Associate Professor of Medicine; Director, Initiative on Islam and Medicine
University of Chicago, Pritzker School of Medicine
Chicago, Illinois; United States of America
An Associate Professor of Medicine at the University of Chicago, Dr. Padela directs the Initiative on Islam and Medicine within the Program on Medicine and Religion and is also faculty of the MacLean Center for Clinical Medical Ethics. His scholarship examines how biomedical concepts are translated into Islamic law and how Islamic values influence Muslims’ engagement with healthcare.
Dr. Padela’s training in Islamic studies includes a BA in Arabic from the University of Rochester, seminary studies at Dar-ul-loom Harunia, and ongoing collaborations with Islamic scholars. His health research-relevant expertise entails a BS in Biomedical Engineering from the University of Rochester, an MD from Cornell, and an MSc in Healthcare Research from the University of Michigan. From 2008-11, Dr. Padela was a Robert Wood Johnson Clinical Scholar at Michigan leading a community-partnered research program utilizing survey and qualitative methods to investigate how religious values and identity influence American Muslim health behaviors, and in 2010 as a Visiting Fellow at the Oxford Centre for Islamic Studies he researched Islamic theological ethics.
Dr. Padela’s current externally-funded research projects include a multidisciplinary working group seeking to identify how scientific knowledge can inform Islamic ethico-legal constructs and the theology of the soul, a national survey of Muslim physicians detailing the relationships between religiosity and bioethical attitudes, and a mixed-methods intervention study aiming to enhance Muslim women’s intention for mammography. Dr. Padela’a career goal is to reconstitute the synergistic dialogue between biomedicine and Islam through systematic studies of Islamic theology and Muslim lived experiences.
To address the discursive gaps between biomedicine and Islamic theology, I propose to construct a Muslim model of the essential dimensions of human health in the context of contemporary biomedicine. I will develop this model by examining classical and modern valuations of the essential (ḍarūri) and necessary (ḥājī) dimensions of the higher objectives of Islamic law (maqāsid al-Sharīʿah -the preservation of religion, life, intellect, lineage, and property). I will also identify the bases for moving beyond preservation and toward the enhancement of human life by examining the social, scientific and historical factors that motivate scholars to reclassify aspects of life once considered non-essential as essential in contemporary contexts.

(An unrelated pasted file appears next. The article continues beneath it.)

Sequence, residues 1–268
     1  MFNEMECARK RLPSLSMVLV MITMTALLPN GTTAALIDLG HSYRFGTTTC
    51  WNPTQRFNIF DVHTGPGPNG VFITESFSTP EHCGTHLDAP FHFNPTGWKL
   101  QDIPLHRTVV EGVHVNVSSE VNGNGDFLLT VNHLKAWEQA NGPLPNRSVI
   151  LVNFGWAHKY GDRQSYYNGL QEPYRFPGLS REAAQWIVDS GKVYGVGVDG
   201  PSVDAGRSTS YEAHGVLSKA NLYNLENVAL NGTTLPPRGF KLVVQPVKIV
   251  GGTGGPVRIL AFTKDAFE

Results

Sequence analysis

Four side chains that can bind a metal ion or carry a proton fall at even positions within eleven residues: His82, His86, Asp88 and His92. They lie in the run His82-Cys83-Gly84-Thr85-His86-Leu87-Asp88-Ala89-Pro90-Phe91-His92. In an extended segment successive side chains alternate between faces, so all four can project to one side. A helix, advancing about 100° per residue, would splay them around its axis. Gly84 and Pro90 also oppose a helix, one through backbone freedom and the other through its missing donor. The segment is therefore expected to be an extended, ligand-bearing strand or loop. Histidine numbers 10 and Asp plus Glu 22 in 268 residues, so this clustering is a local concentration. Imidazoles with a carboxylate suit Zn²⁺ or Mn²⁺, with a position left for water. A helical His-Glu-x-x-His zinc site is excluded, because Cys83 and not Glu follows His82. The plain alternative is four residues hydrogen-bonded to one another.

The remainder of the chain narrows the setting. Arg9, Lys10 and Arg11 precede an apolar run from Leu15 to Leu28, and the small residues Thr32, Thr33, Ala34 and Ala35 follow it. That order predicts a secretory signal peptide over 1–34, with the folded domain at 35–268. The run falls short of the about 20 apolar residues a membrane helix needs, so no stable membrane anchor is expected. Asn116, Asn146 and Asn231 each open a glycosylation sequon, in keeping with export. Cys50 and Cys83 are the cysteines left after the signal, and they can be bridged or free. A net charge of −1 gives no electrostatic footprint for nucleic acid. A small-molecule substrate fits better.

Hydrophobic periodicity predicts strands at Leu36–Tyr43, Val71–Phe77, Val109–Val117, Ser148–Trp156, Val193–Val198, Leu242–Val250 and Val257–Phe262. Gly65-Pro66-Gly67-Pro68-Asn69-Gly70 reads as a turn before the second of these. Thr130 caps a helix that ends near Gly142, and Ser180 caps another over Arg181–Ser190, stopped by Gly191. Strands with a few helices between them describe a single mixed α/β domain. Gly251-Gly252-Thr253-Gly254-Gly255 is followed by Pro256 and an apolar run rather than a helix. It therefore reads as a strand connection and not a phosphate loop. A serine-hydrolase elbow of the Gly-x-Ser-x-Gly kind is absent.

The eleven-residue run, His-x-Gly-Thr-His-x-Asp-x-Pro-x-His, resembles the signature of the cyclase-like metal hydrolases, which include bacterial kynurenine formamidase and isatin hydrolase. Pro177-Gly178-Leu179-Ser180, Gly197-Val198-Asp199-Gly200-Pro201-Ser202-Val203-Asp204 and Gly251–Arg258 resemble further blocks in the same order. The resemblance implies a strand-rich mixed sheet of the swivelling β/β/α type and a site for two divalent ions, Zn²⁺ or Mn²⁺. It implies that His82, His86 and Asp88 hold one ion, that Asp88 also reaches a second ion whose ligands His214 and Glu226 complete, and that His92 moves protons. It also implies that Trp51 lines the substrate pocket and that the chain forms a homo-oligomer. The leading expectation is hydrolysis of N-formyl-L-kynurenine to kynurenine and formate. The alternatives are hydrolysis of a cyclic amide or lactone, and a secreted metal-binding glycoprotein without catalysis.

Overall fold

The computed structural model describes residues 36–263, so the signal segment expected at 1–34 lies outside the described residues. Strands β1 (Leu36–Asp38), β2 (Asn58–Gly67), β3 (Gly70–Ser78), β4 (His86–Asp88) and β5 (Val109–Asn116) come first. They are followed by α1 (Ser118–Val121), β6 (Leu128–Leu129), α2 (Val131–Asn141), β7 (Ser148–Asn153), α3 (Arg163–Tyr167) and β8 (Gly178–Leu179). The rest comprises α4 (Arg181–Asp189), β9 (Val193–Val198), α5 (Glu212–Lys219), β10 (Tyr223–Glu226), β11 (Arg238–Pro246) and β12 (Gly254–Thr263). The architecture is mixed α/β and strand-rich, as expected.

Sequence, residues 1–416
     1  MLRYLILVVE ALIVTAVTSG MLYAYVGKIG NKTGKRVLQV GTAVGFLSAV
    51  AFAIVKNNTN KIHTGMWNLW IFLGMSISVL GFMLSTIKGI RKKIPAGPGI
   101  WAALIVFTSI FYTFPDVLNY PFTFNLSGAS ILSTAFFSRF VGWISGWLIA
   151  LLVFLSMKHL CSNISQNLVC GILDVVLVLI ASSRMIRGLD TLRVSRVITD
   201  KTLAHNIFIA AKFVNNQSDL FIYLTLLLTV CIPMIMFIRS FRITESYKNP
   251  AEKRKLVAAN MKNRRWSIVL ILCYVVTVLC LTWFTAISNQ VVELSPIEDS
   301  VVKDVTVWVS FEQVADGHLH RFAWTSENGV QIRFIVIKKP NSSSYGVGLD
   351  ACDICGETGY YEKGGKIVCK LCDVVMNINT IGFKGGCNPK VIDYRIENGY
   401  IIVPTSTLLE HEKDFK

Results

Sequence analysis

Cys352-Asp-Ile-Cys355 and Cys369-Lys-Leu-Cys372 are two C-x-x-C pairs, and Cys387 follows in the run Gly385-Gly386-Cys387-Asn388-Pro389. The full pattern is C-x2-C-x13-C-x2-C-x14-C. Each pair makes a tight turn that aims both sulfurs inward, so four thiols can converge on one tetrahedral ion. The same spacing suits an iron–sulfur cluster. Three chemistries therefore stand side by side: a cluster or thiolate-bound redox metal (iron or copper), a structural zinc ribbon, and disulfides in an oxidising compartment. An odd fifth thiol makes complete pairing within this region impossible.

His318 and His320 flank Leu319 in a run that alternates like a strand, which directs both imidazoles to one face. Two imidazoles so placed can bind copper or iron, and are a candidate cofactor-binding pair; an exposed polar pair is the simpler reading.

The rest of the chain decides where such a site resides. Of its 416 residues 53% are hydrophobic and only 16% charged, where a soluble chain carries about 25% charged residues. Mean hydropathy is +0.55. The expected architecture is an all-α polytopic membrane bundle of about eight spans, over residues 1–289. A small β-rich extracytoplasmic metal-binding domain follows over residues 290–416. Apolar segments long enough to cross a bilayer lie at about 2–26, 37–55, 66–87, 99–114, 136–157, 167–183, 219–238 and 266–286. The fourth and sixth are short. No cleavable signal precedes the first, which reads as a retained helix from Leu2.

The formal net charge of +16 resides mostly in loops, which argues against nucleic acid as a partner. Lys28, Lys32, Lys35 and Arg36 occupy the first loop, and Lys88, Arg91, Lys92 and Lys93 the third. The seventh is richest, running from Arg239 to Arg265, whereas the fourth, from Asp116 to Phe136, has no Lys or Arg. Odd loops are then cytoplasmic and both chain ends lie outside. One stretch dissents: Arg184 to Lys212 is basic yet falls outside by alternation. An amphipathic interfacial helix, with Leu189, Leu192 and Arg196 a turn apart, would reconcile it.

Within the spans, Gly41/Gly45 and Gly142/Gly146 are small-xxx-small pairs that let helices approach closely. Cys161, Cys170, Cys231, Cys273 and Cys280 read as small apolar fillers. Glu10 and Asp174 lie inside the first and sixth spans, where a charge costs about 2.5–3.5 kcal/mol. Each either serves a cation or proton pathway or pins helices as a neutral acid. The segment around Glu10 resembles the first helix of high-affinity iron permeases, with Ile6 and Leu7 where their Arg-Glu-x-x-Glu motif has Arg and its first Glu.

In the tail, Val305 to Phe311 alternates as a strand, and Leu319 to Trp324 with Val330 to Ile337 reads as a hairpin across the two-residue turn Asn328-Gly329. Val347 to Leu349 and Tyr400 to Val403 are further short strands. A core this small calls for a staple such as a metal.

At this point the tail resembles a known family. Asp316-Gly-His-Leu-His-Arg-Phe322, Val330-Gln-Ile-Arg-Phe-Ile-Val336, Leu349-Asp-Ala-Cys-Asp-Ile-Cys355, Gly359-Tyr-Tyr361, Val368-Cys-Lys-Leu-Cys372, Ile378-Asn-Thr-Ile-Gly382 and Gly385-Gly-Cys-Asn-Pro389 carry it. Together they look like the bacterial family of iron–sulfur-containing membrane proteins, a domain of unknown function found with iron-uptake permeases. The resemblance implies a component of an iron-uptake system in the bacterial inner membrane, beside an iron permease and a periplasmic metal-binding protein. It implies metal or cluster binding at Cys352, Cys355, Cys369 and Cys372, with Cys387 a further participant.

In addition to critically engaging treatises on the maqāsid al-Sharīʿah, I will attend fellowships at leading research centers to present research findings to, and engage in constructive dialogue with, scholars working at the interface of Islamic law and modernity. Project outputs will include (1) two presentations at academic conferences, (2) two courses delivered to a diverse audience of health professionals and bioethicists focusing on the science and ethics of human enhancement technologies, and on religious ontological and philosophical perspectives on life, health and their enhancement, and (3) a monograph on “Human Life and its Essentials: A Critical Reading of the Maqāsid al-Sharīʿah.” Ultimately this project will offer a conceptual basis for interdisciplinary and intra- and inter-faith dialogue regarding Enhancing Life studies and provide Islamic perspectives on what is means to have a healthy life and the essential dimensions of health and well-being.